Top of page

An Interview with Alex LoBianco, Public Services Assistant

Share this post:

This week’s interview is with Alex LoBianco, a Public Services Assistant in the Law Library Reading Room.

Describe your background.

Alex LoBianco standing with another person with a table and wall with a painted forest scene in the background.

I was born and raised in Washington, DC, with my immediate family and maternal grandparents living nearby. My parents and grandparents were Italian immigrants so we spoke Italian at home and English outside.

What is your academic/professional history?

I attended Bishop McNamara High School in Forestville, MD, and graduated in 1981. I studied at the University of Maryland, College Park and later transferred to the University of the District of Columbia to complete a B.S. in Psychology.

I have worked at the General Services Administration, National Science Foundation, and for the last 20 years at the Law Library of Congress.

How would you describe your job to other people?

I work with two other excellent library technicians, all with many duties. At the reference desk, I assist the librarians by answering patrons’ general questions, processing requests and assisting in minor computer-related issues. In the Microform Reading Room, I assist patrons by processing microform requests, demonstrating microform equipment usage, and resolving equipment issues as well as orienting new staff members. In collection development, I add new books to our collection and shelf-read to keep them in order.

Why did you want to work at the Library of Congress?

I wanted to work in the Law Library because I enjoy helping people find the law.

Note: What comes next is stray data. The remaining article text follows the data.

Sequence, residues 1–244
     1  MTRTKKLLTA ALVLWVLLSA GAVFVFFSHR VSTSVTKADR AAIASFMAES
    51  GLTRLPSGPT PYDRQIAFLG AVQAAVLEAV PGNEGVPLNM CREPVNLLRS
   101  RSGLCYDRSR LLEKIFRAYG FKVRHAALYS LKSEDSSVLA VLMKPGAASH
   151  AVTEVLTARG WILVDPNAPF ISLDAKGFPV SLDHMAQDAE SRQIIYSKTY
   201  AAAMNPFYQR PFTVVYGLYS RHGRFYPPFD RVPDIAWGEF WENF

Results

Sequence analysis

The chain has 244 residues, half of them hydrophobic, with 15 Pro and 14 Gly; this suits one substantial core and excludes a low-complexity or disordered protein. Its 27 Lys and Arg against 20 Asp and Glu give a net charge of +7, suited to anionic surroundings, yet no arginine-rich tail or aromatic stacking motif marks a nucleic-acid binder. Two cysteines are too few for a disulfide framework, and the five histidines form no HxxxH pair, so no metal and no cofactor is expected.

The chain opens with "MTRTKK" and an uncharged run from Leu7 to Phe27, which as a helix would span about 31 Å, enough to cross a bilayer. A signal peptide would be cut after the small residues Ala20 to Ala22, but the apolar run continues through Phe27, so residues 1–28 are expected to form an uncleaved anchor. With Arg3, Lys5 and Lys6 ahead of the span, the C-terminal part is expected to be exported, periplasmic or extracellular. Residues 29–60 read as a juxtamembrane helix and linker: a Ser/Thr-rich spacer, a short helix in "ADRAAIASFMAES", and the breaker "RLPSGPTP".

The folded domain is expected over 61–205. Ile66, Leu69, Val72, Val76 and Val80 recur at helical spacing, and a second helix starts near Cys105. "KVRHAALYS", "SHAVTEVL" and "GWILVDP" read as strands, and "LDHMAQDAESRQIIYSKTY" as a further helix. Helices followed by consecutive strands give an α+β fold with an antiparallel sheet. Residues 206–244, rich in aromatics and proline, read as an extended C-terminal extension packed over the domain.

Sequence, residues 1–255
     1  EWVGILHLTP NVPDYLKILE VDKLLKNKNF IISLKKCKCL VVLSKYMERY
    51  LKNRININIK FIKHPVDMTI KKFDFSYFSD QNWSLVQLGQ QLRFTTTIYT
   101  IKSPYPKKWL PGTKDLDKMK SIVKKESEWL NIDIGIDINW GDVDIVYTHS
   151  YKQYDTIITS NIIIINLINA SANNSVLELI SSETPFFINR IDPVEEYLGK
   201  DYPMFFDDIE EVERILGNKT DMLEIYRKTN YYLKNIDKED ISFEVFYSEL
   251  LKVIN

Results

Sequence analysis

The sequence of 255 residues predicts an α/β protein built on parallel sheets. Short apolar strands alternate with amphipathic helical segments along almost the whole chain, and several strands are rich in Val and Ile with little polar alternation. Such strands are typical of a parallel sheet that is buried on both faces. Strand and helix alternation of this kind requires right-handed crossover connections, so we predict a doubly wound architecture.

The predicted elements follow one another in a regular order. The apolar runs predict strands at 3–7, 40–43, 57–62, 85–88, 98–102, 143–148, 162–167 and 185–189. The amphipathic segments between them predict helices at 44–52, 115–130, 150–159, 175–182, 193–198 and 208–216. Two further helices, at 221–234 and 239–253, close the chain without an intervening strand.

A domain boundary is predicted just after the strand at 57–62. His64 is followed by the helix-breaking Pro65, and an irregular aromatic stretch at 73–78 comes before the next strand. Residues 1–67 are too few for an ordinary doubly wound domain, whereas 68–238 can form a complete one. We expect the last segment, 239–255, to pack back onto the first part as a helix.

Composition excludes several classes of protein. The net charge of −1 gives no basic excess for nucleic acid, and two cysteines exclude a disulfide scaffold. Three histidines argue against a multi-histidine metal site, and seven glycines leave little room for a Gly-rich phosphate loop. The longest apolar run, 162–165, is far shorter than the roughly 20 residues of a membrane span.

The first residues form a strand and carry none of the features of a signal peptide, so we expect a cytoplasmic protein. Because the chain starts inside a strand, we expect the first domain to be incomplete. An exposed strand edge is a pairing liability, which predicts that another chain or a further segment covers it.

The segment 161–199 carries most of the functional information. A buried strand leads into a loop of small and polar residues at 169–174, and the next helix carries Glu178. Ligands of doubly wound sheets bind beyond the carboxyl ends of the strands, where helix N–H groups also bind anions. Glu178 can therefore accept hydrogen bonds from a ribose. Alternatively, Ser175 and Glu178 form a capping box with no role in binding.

What is the most interesting fact you’ve learned about the Law Library?

I discovered that we have reproductions of famous court cases like Amistad in microform as well as reproductions of manuscripts containing George Washington’s signature.

What’s something most of your co-workers do not know about you?

My name is Alexander, which I rarely use, but at home my nickname is Sandro. When I was a young man, I studied and learned to read music and played the piano. I also learned to play harmonica by ear. I am a catechist at Holy Rosary Roman Catholic Church in Washington, DC. Last week my class of 15 students was confirmed. The class included members of the international community, federal employees, and active duty military personnel.

Comments (2)

Add a Comment

This blog is governed by the general rules of respectful civil discourse. You are fully responsible for everything that you post. The content of all comments is released into the public domain unless clearly stated otherwise. The Library of Congress does not control the content posted. Nevertheless, the Library of Congress may monitor any user-generated content as it chooses and reserves the right to remove content for any reason whatever, without consent. Gratuitous links to sites are viewed as spam and may result in removed comments. We further reserve the right, in our sole discretion, to remove a user's privilege to post content on the Library site. Read our Comment and Posting Policy.

Required fields are indicated with an * asterisk.